Lee Everett sits in the back of a police car, convicted of murder and being transported by a rather chatty old cop in the heart of Georgia. After answering the seemingly harmless questions asked by the old timer, you start to take notice of strange things going on, even if the cop decides to ignore it. The radar blasts with incoming reports; emergency vehicles are seen screaming down the other side of the highway, but soon you are neck deep in the events after your squad car collides with a zombie meandering across the road. As you drift in and out of consciousness, you survey the wreckage and escape with a pretty bad leg injury.
This is where you take control of the character for the first time, outside of choosing dialogue chooses that are on a timer; keeping the tension high in the game. Surviving an up close and personal experience with the former lawman that wants nothing more than to dine on your flesh, you barely escape coming to the realization that the woods are littered with the undead. Meeting up with a sweet little girl Clementine; whose parents are away on vacation, the two of you head off to try and make sense of the nightmare you find yourselves in.
The world that infamous point and click developer Telltale has created feels different when compared to the sterile world in the previous Back to the Future series. Where their last title Jurassic Park felt more like an interactive movie than game, The Walking Dead blends the classic point and click style with action moments perfectly. You feel in full control of your character this time, as you try and outsmart and survive the zombie apocalypse.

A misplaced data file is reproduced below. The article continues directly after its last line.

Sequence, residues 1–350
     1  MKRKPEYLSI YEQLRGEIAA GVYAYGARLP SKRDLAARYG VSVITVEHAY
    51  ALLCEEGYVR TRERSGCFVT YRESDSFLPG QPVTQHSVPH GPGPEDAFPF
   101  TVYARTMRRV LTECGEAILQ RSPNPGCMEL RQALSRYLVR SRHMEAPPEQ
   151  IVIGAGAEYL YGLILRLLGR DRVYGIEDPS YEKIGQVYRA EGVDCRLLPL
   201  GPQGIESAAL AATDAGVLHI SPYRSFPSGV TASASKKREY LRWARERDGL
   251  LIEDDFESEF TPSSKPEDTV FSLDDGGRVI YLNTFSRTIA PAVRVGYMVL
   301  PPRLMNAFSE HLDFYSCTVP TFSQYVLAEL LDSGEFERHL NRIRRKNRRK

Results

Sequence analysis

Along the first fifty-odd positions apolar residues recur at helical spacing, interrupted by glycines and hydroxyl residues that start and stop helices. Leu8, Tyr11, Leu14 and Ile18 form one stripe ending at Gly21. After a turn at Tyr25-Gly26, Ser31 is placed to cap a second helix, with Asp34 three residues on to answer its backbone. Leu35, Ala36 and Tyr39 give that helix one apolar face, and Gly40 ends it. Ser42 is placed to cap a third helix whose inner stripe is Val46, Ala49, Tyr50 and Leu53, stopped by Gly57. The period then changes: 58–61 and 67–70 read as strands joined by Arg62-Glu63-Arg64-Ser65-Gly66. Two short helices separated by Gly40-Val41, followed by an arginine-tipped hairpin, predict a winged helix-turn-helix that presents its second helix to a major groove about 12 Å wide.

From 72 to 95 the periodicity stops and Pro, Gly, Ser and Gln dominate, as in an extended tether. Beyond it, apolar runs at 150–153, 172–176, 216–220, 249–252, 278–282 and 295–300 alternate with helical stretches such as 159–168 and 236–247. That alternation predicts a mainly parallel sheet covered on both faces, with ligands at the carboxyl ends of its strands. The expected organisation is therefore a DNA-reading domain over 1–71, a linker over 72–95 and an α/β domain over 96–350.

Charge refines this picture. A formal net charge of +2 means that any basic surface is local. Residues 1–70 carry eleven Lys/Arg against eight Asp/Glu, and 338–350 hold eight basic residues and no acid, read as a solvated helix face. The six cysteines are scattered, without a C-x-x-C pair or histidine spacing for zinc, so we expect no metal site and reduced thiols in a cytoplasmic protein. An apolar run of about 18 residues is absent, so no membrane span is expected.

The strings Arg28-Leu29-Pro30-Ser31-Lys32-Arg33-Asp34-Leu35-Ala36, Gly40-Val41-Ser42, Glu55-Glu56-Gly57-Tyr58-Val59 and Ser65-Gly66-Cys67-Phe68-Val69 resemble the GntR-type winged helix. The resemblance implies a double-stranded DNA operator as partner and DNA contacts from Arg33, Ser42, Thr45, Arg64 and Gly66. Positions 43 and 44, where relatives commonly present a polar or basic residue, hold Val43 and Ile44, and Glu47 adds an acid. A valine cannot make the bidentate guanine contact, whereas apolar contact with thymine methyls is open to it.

Choice. Choice sets this game apart and choices made under pressure keeps the tension palpable. Only having precious seconds to respond or to act in a situation as the fear of the undead is always there clouding your judgment. Your choice plays a integral role in the game and among the group of survives. It will be your decisions that will keep people alive or more often than not get them killed. How you act will constantly change how you are perceived.
The overarching story arc runs in parallel to the events from the AMC series and the graphic novel as you are introduced to new characters as well as some that will be familiar. This is not a simple side story in the same universe and for those that haven’t watched the series or read the graphic novel won’t feel like they are getting the short end of the stick. The narrative can stand up on its own merits to the original series story.
Once the credits rolled on the first episode after breaking the 3-hour mark I found myself sitting at the each of the couch, finally able to relax my grip on the controller. Making use of a graphic novel style, the aging engine utilized by Telltale has never looked better. The emotion and fear on the characters faces as a zombie is looming over them is the best I have seen. The PlayStation 3 version can be a bit choppy at times, but this is nothing new for PS3 owners. Telltale has grasped more than just my attention with the first episode as I await patiently for Episode 2 and continue my struggle for survival in a world that no one is prepared for.
Note: The The Walking Dead: Episode 1 – A New Day review was written based on the PS3 version of the game.